Can we use squeegees on the outside of windows?

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Devil's Advocate

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What is your basis for thinking that this common practice has, or ever will, get someone booted off a train (or is this just an uninformed hot-take)?
The only way I can see that happening is if there is no platform beside the window and the passenger is standing on or near a live track to reach it. Even then they'd probably get a warning unless they refused to comply and made a scene out of it.

I’ve taken hundreds of trips and have never seen this happen.
It's hard to see much of anything through dirty windows.
 

Cal

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I can't believe this is a serious thread. Will LMAO when one of you clowns gets booted from your train for this.
It’s common practice to BYO squeegee on Amtrak? Lol ok. I’ve taken hundreds of trips and have never seen this happen.
I wouldn't call it common, but for those of us who enjoy the scenery, and maybe want a picture or two, why not bring something to clean the windows off with? It's quite easy to imagine that this is a real thing people would want to do -- especially since Amtrak highlights the amazing scenery then provides us with sometimes horribly dirty windows.
 

Chas

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Amtrak crews usually squeegee the windows while at DEN at least for the westbound #5 CZ. Scenery is too beautiful to miss. I have also seen them clean the windows on SWC #3 at ABQ but only once.
I have seen that in Denver too on the westbound Zephyrβ€”but it is the only station where I havce seen windows cleaned.
 
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Seaboard92

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I've cleaned windows before and let me tell you they are higher than they seam. The best time was in Chicago when I had a ladder to use. The worst was in GA Veterans where I had to use a long pole. It's tough to get them clean with the long pole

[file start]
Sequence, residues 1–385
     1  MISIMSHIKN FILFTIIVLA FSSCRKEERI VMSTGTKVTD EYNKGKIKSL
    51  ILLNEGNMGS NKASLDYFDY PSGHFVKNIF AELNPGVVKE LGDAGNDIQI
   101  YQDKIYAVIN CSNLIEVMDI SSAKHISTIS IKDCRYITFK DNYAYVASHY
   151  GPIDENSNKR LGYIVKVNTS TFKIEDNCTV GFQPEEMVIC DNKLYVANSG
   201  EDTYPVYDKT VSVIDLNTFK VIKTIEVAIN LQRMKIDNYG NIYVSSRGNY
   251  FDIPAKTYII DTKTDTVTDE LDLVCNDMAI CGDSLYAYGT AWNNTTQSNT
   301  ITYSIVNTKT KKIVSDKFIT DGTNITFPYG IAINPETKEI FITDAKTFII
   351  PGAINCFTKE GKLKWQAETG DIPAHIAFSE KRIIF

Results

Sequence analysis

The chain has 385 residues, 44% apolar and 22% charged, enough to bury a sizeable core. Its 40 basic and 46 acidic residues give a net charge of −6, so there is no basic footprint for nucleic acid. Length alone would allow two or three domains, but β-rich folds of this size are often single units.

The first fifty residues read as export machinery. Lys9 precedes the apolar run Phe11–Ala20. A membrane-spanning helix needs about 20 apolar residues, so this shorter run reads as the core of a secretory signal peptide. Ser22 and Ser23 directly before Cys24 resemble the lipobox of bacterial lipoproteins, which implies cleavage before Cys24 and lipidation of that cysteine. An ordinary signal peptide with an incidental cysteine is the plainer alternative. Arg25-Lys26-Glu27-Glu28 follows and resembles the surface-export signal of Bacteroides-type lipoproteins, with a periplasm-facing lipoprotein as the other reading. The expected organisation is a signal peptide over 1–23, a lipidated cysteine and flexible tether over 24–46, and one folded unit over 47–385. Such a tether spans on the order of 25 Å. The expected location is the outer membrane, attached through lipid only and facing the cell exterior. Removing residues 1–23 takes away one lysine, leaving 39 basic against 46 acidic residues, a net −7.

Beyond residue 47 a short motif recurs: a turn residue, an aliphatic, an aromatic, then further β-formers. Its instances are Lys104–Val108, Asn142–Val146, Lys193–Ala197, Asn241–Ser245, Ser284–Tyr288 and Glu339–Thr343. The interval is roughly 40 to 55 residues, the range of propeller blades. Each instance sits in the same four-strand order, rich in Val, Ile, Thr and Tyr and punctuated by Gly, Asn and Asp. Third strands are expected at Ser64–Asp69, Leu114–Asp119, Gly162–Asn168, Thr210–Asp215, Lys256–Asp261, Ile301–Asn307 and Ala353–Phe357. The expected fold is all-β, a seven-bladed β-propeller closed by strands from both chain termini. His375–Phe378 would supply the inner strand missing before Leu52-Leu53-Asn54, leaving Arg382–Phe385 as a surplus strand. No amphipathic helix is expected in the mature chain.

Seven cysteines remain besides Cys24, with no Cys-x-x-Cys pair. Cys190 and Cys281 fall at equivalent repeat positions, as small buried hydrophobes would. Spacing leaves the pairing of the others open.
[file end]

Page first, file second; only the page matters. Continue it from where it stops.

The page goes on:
Cal

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Pro tip: don’t use a ladder to clean the windows on a train for a railroad which doesn’t employ you.
I do say I agree, but when did he say he was cleaning Amtrak windows? Seaboard has worked on many private cars before and he probably cleaned those windows on a ladder, where he was employed. But, who knows, maybe he has a side we don't know about.
 

Railspike

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Once upon leaving Chicago on the SWC we noticed the windows were filthy. I contacted Amtrak about it and was told the train is run through the wash machines before the train is serviced. Before the train is serviced?
Why wouldn't they run it through the machines AFTER the train is serviced and just before boarding?
It appears they don't even bother running it through the machines at all anymore. Don't they get that being able to view the scenery is a big part of the journey? Go figure.
 

niemi24s

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I'd found lower level windows (both room and entry door) on Superliners fairly easy to clean by first using a sopping wet soapy washcloth or towel then just a wet one. Being a 6-footer helps and not sure I'd ever want to use a dry cloth for fear of scratching the glass or making it worse.

While the shaded side of the train is best for photography, a clean window and holding the camera up against the window (to avoid capturing reflections from within) also help. This makes a good lens shade for a camera...
IMG_0150c.JPG
...because it stays in place. Not sure how to do it on a smart phone.
 
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Once upon leaving Chicago on the SWC we noticed the windows were filthy. I contacted Amtrak about it and was told the train is run through the wash machines before the train is serviced. Before the train is serviced?
Why wouldn't they run it through the machines AFTER the train is serviced and just before boarding?
It appears they don't even bother running it through the machines at all anymore. Don't they get that being able to view the scenery is a big part of the journey? Go figure.
They do run it through wash machines but to save money, they use dirt instead of water. :)